The Air Force Times reports on a move by the Air Force to look into a new light attack aircraft to be fielded in the 2012 timeframe. The article notes that it is an “early step.” In fact, it is a “capability request for information,” which is barely more than market research on the feasibility of a system.
Still, the interest in an airplane which would presumably be used in counterinsurgency operations is intriguing. For some time, air enthusiasts have lamented the absence of aircraft like the venerable Skyraider that performed such an important, though sometimes niche, mission in Vietnam. The Skyraider and other aircraft similarly situated were eliminated due both to technology and the belief that their roles would no longer be needed in future wars. That logic, incidentally, is similar to that which is ending F-22 production now.
Mission Aviation Fellowship displayed its new Kodiak aircraft at the Airventure airshow in Oshkosh recently.
MAF has always participated in the air show, but the organization’s presence was greater this year due to the event’s “Fly4Life” theme. The theme focused on public benefit aviation, with a whole section devoted to missionary aviation.
John Boyd, President of MAF, said the ministry is still in need of more people to serve in remote areas where isolation and poverty are facts of life. He asked for people to consider partnering with the ministry in some way, whether financially or by giving of their time.
Links to MAF and other mission aviation organizations are listed here.
Capt. Mark McDowell perished a few weeks ago when his F-15E Strike Eagle crashed in Afghanistan. His WSO, Capt. Thomas Granith, was also killed in the crash. McDowell’s grandfather noted his call to flying:
(Flying) was his life. He died doing what he wanted to do. He wanted to fly. He was called to fly…God called him to be a pilot.
His memorial service was recently held at First Baptist Church of Belmont in North Carolina. Much of the service focused on “Mark’s strong faith in God.”
“Mark was always seeking to know more about the Scriptures…”
The service concluded with a powerful message on faith in Jesus and an invitation for everyone in attendance to accept him. Read more
Despite a prior Washington Post article, the Accident Investigation report released by the Air Force indicates that the reason for the F-22A crash in March was the affects of the high-g environment. While he did not G-LOC, the report basically says that he was trying very hard not to and he was only partially successful.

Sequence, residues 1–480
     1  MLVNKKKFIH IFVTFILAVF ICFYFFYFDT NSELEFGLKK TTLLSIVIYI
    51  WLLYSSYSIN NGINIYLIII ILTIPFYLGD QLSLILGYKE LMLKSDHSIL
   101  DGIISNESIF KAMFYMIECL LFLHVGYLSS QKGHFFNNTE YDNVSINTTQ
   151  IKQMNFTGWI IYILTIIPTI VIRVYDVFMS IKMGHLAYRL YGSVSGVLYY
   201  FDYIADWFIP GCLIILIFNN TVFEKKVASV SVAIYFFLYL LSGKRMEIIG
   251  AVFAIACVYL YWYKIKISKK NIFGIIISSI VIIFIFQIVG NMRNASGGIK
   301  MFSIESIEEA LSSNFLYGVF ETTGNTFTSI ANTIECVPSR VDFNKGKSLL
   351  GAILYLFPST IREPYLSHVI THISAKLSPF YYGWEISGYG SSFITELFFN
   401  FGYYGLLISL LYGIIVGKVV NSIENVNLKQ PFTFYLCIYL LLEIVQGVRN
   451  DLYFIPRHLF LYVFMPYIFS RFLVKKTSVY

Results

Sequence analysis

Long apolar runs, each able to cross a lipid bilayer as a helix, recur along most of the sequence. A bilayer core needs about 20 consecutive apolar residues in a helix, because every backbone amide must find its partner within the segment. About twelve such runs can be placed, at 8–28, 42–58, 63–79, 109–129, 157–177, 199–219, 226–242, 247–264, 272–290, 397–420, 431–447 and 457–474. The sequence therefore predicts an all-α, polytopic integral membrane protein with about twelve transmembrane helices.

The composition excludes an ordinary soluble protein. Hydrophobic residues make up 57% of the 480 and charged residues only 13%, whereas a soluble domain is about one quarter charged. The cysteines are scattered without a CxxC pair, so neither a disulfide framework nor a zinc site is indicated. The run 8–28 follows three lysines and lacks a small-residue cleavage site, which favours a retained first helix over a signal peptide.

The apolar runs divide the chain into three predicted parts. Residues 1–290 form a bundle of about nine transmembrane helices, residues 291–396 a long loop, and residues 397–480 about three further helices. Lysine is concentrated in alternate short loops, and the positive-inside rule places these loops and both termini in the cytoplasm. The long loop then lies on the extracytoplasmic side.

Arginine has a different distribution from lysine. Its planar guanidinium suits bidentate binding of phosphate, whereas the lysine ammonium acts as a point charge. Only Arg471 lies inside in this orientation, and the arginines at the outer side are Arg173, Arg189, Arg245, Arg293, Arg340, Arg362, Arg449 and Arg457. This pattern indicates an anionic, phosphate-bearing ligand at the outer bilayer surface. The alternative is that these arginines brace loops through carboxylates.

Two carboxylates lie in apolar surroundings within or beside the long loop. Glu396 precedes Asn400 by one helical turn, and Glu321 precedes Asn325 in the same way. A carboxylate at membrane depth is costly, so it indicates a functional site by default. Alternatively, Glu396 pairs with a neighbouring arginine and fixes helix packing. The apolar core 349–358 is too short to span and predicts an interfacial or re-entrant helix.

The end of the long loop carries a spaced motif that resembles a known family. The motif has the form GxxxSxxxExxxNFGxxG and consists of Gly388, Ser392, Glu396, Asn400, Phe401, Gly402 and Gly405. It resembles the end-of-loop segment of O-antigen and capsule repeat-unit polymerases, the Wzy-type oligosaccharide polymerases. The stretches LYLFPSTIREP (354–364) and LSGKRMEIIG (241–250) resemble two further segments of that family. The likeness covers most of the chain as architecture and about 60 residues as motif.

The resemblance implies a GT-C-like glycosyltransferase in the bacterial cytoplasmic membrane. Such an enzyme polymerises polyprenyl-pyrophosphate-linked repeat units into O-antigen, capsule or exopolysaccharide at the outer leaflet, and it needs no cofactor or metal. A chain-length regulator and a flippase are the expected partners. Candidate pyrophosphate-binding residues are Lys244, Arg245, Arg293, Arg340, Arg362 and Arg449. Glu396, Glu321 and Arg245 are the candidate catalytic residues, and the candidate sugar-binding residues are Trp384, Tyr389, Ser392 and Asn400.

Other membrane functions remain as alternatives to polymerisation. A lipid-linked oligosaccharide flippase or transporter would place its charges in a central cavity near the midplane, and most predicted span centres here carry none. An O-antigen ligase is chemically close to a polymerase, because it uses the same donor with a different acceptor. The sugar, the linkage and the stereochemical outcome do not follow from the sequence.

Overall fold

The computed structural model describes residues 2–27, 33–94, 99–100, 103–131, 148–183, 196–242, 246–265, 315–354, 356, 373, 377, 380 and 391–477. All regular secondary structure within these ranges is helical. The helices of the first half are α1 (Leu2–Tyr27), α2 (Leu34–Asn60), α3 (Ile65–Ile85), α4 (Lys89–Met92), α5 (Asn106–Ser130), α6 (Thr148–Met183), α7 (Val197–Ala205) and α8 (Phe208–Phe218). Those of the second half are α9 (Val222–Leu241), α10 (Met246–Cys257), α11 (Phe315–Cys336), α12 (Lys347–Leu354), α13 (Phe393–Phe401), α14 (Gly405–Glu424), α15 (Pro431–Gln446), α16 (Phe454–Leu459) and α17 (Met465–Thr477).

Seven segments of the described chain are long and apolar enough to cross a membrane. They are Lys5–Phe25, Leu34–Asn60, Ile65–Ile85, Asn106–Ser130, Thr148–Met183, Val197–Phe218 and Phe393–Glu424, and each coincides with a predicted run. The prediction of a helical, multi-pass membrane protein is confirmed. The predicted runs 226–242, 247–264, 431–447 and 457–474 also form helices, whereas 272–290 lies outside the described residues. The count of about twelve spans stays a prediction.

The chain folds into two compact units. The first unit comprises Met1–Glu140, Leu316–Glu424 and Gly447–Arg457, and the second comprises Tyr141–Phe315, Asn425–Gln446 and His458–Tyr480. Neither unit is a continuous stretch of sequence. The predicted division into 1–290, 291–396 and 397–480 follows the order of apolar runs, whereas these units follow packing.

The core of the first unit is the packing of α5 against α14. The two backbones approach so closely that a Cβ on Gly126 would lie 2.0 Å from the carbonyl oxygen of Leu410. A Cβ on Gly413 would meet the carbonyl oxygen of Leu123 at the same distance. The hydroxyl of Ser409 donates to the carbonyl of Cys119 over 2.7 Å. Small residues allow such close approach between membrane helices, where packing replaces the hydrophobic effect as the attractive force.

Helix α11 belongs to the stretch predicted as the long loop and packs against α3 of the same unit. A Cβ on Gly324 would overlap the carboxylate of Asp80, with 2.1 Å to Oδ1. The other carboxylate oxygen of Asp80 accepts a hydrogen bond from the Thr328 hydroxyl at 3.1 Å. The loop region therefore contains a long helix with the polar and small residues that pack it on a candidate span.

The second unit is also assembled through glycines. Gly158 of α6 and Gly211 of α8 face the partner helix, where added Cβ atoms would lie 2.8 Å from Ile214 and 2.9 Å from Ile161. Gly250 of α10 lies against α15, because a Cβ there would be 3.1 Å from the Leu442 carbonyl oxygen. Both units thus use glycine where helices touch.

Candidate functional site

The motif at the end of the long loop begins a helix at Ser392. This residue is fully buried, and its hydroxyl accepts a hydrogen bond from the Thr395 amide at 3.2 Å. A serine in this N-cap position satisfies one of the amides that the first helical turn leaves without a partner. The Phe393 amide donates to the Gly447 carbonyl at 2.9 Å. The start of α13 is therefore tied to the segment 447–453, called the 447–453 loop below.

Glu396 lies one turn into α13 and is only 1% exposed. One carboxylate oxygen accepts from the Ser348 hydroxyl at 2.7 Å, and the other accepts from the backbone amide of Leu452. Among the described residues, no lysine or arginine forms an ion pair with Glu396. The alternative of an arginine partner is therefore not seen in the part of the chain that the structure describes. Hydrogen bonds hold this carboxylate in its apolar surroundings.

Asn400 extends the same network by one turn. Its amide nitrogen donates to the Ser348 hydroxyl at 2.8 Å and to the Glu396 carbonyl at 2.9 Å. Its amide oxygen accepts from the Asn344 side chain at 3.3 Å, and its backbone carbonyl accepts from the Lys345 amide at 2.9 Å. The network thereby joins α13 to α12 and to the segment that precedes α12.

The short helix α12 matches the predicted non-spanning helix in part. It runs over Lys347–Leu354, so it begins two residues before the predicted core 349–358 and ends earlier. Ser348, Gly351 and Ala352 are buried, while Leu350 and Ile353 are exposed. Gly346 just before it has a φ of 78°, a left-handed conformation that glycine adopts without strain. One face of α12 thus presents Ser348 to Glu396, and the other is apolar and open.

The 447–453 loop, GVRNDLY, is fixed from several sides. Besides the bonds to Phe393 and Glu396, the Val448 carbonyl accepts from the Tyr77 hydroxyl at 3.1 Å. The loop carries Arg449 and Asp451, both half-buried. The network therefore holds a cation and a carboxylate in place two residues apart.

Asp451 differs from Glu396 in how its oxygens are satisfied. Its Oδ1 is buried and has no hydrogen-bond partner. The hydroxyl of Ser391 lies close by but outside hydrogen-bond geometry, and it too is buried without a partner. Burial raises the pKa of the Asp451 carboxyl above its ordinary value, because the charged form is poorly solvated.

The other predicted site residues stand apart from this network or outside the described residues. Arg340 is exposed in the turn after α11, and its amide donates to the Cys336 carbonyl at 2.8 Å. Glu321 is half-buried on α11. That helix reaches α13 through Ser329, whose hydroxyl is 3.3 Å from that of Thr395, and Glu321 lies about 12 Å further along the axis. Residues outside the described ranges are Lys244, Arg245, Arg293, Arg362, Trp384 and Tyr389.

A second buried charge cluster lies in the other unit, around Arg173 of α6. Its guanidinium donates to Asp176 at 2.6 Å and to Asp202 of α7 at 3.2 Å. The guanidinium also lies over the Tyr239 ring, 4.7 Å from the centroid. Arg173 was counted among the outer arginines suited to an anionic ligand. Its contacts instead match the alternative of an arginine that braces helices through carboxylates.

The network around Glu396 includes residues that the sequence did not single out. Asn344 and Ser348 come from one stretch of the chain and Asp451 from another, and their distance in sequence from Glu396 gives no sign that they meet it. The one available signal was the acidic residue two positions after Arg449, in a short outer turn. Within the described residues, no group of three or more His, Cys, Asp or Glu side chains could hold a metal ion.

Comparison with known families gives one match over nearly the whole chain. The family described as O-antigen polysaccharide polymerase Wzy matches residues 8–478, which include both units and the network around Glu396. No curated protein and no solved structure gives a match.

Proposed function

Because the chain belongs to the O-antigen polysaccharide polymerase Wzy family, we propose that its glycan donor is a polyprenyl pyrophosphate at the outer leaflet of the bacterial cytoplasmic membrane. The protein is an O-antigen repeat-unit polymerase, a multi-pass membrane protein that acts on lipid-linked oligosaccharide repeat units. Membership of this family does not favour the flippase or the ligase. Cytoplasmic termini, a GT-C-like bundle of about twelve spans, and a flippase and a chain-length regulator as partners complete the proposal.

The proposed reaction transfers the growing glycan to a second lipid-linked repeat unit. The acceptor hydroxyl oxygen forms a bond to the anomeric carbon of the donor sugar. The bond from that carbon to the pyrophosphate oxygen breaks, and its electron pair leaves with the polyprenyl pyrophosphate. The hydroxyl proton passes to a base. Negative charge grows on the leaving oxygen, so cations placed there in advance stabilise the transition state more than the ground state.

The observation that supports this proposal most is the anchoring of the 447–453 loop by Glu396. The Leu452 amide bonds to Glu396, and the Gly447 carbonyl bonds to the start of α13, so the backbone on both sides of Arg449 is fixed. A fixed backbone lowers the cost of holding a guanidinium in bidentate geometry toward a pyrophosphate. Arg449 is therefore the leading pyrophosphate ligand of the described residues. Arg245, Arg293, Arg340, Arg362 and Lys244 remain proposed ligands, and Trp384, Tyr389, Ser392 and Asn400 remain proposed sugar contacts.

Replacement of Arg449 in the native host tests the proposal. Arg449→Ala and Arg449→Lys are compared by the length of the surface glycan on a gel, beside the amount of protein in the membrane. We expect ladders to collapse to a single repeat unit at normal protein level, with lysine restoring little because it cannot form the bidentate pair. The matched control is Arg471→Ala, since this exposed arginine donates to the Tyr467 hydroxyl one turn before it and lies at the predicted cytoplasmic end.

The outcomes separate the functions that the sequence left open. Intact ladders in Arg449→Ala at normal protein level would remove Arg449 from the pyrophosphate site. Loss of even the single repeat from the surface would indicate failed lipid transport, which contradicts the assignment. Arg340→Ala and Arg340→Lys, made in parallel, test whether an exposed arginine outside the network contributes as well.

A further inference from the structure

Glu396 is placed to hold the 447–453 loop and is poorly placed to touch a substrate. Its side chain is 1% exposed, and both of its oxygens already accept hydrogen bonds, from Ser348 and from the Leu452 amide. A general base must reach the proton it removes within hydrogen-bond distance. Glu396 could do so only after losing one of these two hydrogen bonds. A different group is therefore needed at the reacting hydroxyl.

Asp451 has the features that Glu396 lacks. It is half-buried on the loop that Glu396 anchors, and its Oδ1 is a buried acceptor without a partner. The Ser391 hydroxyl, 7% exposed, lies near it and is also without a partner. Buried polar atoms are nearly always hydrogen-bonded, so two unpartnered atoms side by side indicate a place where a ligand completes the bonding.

This mishap was caused by the [pilot’s] adverse physiological reaction to high acceleration forces and subsequent loss of situational awareness…The [pilot] channelized his attention to fight off the effects of high g-forces…[and] entered an extreme nose down, high-speed attitude from which safe recovery was not possible…
The Accident Investigation Board report can be read here (pdf) in its entirety. Other sites have translated this accident as being caused by “A-LOC” or by “pilot error.”
As if a reminder was needed of the danger of the military fighter pilot profession, a T-38 crashed at Sheppard AFB today. It was the second in 8 days (after a crash at Columbus AFB), and has led the AF to tentatively ground the entire fleet. The T-38 is the primary jet aircraft used to train future fighter and bomber pilots.
As covered by Fox, CNN, and AF.mil.
As published in the Washington Post (and repeated on the AU website), the Air Force clarified its position on the Task Force Patriot event at Stone Mountain. The Military Religious Freedom Foundation has threatened to sue, again, over this “unparalleled rape of the US Constitution.”
From my arrival in Qatar in February until my departure in April, I spent approximately 70 days in what was classified as a combat area. During my entire stay I never experienced fear for my life, either in the air or on the ground. Our base was on a peninsula in the Persian Gulf, relatively distant from the fighting in Iraq and low even in potential terrorist threat. Prior to the outbreak of hostilities, a small civilian aircraft had approached the airfield undetected, much to the chagrin of the Patriot batteries ringing the base. During the war, the presence of a light aircraft near the base was the cause of the only increased threat condition during our stay. The base rapidly went from MOPP 0, a protective posture where no chemical protection gear is worn, to MOPP 4, where full gear—heavy overgarments, boots, gas masks, and gloves—is required. Whatever it was that approached the base turned out to be no threat, and there were no further reactions while we were there. In fact, a few days before I returned home they brought the base out of “lock-down” and allowed us to leave the base to see the local area. So our home was a fairly safe one, particularly when compared to the airbases further north that came under fire from SCUDs and other missiles and were in a MOPP 4 fairly frequently. Our route to and from the combat area was also a safe one. While we flew along the gulf we were in range of several other neutral countries, but we could virtually walk along the Navy sea craft from Qatar to Iraq.
The true threat only began once in Iraq, and even then the threat was minimal. Read more